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A good partnership is often greater than the sum of its individual parts. For Dr. Amy Vogelsmeier, Associate Professor at the University of Missouri (MU) Sinclair School of Nursing, and Dr. Lori Popejoy, Associate Dean for Innovation and Partnerships and Associate Professor at the MU Sinclair School of Nursing, their research symbiosis has been a major driver in improving elder care across the state of Missouri. Since the onset of the COVID-19 Pandemic, they have turned their work towards preparing and equipping nursing homes to better protect the health and safety of residents and employees. By focusing on the nursing home patients most at risk during the pandemic, their impact is exponential and reaches both patients and their caretakers.

Because of their shared experience in nursing, Vogelsmeier and Popejoy can create and lead better process changes for elder care in hospitals and nursing home facilities. They each have their own areas of interest. Vogelsmeier has worked to highlight the unique contribution of registered nurses in nursing homes and identify and implement best medication safety practices. For Popejoy, her focus is on care coordination, transitional care, and discharge planning.

Working collaboratively through the Missouri Quality Initiative Program (MOQI), a Centers for Medicare and Medicaid Services (CMS) funded innovation project, they studied the influence of advanced practice registered nurses (APRN) and improvement of nursing home systems of care delivery on reduction of avoidable hospitalizations. Both have also been part of the Quality Improvement Program for Missouri (QIPMO) since its inception in the late 1990s. QIPMO is a collaboration between the Sinclair School of Nursing and the Missouri Department of Health and Senior Services supporting nursing facilities by providing access to Gerontological nurse experts, guiding best practices to improve care delivery and outcomes for nursing home residents.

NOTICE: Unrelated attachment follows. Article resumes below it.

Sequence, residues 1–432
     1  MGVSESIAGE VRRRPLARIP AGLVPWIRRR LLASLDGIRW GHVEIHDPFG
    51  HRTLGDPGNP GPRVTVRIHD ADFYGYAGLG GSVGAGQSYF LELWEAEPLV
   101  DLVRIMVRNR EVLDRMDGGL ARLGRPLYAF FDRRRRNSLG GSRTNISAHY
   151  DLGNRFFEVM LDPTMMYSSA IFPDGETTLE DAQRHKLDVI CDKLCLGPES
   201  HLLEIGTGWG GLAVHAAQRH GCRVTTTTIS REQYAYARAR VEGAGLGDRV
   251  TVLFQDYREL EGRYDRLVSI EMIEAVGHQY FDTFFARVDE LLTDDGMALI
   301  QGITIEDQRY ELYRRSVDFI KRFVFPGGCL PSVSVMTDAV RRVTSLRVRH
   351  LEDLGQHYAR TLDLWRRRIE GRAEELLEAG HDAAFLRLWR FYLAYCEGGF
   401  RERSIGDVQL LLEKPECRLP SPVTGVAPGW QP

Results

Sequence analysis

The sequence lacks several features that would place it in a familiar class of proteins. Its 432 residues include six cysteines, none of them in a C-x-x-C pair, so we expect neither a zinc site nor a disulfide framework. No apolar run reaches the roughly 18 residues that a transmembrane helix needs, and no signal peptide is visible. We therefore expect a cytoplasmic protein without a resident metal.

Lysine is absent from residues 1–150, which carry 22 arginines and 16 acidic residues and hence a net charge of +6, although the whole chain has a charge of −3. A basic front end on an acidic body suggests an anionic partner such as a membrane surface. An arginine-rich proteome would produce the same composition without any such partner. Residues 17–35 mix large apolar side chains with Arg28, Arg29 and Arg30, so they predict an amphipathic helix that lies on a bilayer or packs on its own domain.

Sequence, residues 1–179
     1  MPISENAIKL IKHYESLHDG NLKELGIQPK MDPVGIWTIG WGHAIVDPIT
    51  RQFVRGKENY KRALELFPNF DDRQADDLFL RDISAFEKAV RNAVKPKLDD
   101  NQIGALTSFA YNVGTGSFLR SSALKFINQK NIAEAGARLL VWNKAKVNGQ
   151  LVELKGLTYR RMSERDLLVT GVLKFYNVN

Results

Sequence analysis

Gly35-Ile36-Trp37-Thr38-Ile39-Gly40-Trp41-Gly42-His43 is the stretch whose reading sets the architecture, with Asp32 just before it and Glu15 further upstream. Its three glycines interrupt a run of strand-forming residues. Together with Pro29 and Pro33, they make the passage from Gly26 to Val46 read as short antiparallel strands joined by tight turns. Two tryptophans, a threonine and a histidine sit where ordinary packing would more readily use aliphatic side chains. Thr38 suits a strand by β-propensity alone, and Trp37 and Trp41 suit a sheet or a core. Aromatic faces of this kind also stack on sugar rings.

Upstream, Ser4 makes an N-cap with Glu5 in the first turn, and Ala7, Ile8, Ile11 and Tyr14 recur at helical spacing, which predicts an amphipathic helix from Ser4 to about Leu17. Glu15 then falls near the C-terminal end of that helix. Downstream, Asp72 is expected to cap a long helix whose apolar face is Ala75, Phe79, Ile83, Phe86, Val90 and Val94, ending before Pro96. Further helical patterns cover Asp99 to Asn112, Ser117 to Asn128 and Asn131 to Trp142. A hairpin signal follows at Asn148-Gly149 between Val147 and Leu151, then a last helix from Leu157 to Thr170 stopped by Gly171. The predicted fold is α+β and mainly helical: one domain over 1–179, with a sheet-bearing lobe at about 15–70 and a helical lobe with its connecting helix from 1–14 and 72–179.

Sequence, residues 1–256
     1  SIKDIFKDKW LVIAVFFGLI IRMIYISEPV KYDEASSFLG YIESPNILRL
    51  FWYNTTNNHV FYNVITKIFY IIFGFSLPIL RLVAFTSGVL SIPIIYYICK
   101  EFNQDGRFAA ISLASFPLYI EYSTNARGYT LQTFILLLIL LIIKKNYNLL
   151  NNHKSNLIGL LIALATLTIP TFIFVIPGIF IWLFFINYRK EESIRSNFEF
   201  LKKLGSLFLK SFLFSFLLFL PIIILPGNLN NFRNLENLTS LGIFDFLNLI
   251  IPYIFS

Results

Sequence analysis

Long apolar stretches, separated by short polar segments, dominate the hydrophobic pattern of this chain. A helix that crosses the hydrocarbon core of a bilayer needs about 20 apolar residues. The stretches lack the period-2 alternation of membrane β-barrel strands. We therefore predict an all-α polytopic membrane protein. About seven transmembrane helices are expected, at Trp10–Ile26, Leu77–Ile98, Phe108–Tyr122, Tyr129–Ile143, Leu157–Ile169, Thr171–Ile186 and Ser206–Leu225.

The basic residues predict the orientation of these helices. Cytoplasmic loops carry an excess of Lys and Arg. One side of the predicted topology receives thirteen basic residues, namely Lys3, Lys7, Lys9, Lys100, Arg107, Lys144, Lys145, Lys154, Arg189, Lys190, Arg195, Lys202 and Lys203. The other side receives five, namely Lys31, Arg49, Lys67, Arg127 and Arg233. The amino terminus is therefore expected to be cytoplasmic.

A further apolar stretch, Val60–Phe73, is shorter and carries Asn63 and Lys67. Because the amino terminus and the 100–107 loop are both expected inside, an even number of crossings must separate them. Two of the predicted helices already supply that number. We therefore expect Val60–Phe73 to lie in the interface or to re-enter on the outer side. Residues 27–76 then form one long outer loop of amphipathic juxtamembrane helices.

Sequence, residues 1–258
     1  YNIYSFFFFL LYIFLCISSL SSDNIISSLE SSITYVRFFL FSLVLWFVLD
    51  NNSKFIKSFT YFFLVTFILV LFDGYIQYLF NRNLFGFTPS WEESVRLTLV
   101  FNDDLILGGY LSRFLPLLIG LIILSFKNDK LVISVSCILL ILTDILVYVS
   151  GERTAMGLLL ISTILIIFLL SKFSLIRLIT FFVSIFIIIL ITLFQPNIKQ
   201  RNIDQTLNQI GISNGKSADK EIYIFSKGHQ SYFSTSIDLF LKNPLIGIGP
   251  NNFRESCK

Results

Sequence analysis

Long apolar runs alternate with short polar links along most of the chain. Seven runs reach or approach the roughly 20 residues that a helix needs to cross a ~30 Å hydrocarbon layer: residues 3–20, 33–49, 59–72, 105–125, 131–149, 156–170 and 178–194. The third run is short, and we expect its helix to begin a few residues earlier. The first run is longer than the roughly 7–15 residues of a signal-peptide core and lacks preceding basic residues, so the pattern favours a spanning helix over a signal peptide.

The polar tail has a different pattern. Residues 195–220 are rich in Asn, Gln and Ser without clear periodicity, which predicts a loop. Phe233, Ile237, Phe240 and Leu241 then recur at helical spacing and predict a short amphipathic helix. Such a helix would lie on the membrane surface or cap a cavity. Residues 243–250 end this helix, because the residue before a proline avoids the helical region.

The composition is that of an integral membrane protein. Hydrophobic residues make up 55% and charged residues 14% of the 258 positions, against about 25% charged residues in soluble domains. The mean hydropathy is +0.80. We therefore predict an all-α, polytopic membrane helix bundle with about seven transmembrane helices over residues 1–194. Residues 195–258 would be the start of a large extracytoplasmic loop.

At the beginning of the pandemic, limited access to personal protective equipment (PPE) was the biggest concern for nursing home staff.  Working in collaboration with QIPMO, “We were able to collaborate with various community organizations to help QIPMO distribute more than 3,000 face shields to nursing homes throughout the state,” Popejoy said. The challenge went beyond PPE though, as nursing home residents were being isolated more often, reducing or eliminating opportunities to dine in groups, share social activities, or invite outside visitors inside the facilities.

Between the MOQI and QIPMO, 500 Missouri nursing homes were provided with guidance and support for staff and administrators to navigate and implement changing COVID-19 infection control practices to better protect their residents. “The main goal of our response effort was to make sure nursing home residents are staying as safe as possible during this very traumatic and challenging experience,” Popejoy said.

With some their MOQI colleagues, the duo has developed a business called NewPath Health Solutions that works to carry forward innovations developed from the School of Nursing to continue after federal and grant funding support has ended.